Obama: Bin Laden got help from inside

Pakistani boys walk toward Osama bin Laden’s final hideout as military and police keep the area cordoned off in Abbottabad.

Osama bin Laden likely had “some sort” of a support network inside Pakistan, President Barack Obama said yesterday, but added it will take investigations by Pakistan and the United States to find out the nature of that support.

“We think there had to be some sort of support network for bin Laden inside of Pakistan,” Obama said in an excerpt of an interview with CBS’s “60 Minutes” program which aired in full last night.

“But we don’t know who or what that support network was. We don’t know whether there might have been some people inside of government, people outside of government — and that’s something that we have to investigate and, more importantly, the Pakistani government has to investigate,” Obama said.

The interview comes a week after the al Qaeda leader was killed by U.S. commandos in a garrison town a short drive from Pakistan’s capital.

Pakistan’s government has “indicated they have a profound interest in finding out what kinds of support networks bin Laden might have had,” Obama said. “But these are questions that we’re not going to be able to answer three or four days after the event. It’s going to take some time for us to be able to exploit the intelligence that we were able to gather on-site.”

In other television appearances by administration officials yesterday, the White House took some heat off Pakistan’s government, saying it had no evidence that Islamabad knew bin Laden was living in the country.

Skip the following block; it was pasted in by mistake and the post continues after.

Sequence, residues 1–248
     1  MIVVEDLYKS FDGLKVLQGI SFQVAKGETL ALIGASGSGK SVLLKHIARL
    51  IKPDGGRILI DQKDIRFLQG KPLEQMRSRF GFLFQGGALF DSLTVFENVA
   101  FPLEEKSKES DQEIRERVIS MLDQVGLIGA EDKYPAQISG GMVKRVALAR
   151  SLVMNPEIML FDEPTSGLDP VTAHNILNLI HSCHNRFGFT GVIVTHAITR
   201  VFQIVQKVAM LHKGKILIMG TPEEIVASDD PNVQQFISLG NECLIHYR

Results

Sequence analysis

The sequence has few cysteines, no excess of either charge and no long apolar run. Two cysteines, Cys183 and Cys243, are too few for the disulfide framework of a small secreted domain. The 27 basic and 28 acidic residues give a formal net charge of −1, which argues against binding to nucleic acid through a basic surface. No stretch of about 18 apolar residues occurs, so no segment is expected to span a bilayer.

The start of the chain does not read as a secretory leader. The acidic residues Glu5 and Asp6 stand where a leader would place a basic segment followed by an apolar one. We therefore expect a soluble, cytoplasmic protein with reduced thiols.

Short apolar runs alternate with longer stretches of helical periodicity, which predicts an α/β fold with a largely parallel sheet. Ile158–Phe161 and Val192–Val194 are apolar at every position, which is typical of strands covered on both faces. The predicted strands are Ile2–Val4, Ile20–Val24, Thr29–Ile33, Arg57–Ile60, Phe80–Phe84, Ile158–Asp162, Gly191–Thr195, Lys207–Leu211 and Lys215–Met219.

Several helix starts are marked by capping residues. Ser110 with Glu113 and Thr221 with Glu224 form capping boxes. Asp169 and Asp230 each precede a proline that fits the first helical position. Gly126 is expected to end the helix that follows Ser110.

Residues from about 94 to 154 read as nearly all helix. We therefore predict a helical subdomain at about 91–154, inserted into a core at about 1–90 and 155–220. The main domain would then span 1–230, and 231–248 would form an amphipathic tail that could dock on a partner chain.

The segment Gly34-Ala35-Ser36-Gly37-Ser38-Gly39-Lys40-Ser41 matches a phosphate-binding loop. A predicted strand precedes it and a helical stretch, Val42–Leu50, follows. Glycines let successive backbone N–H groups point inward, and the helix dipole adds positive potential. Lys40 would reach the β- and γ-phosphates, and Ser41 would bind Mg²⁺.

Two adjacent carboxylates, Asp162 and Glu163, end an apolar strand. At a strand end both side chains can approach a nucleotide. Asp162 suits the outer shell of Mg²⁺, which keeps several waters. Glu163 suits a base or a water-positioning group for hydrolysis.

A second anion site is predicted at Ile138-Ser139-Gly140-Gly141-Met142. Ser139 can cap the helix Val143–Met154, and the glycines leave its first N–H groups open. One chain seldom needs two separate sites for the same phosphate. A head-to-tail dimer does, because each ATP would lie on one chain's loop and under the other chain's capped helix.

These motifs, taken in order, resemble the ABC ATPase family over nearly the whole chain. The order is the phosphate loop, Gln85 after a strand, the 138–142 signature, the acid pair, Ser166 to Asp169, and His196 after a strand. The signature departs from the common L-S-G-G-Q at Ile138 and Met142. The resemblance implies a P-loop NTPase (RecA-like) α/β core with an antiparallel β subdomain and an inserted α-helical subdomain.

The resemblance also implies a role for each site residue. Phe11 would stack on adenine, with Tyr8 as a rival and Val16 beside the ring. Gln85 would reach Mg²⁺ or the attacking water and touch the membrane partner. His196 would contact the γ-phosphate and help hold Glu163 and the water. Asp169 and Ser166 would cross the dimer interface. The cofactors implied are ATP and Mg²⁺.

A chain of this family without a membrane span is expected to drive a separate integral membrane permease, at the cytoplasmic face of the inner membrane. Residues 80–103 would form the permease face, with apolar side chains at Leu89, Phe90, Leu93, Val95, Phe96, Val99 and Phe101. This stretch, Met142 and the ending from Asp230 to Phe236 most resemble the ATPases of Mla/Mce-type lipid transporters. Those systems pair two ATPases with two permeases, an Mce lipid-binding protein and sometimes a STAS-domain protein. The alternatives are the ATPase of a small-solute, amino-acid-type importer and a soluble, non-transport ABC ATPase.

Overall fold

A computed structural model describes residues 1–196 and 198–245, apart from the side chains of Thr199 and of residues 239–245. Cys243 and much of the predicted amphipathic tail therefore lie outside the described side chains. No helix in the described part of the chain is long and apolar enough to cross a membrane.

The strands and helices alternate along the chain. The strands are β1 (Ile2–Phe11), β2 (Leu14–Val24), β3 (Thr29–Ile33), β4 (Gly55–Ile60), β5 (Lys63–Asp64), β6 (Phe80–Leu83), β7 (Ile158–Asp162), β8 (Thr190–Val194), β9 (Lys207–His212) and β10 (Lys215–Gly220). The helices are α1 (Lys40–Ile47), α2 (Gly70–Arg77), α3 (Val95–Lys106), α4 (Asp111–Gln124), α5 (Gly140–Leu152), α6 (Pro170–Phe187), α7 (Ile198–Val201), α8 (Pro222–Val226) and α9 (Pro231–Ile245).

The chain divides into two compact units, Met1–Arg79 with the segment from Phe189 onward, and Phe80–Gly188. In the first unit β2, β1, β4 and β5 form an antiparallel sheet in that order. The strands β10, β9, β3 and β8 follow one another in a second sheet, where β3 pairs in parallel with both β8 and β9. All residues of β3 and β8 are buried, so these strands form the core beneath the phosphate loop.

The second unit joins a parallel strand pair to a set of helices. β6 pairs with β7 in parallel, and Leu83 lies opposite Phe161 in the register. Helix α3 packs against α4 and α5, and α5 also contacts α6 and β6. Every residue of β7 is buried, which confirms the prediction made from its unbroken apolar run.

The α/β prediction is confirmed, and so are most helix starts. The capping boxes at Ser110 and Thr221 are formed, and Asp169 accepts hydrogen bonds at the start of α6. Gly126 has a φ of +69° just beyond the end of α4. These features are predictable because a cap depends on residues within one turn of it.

“I can tell you directly that I’ve not seen evidence that would tell us that the political, the military, or the intelligence leadership had foreknowledge of bin Laden,” U.S. national security adviser Tom Donilon told NBC’s “Meet the Press.”

Pakistani Prime Minister Yusuf Raza Gilani is scheduled to “take the nation into confidence” in parliament on Monday, his first statement to the people more than a week after the attack on bin Laden’s compound in Abbottabad, 30 miles north of Islamabad, embarrassed the country and raised fears of a new rift between Islamabad and Washington.

After probe, ‘heads will roll’

Pakistan’s ambassador to the U.S. said “heads will roll” after his country finishes its investigation into how Osama bin Laden managed to hide out near the capital city of Islamabad in the compound where he was killed by U.S. forces.

Once the investigation is complete, “if those heads are rolled on account of incompetence, we will share that information,” Pakistani Ambassador Husain Haqqani said on ABC’s “This Week” program. “And if, God forbid, somebody’s complicity is discovered, there will be zero tolerance for that.”



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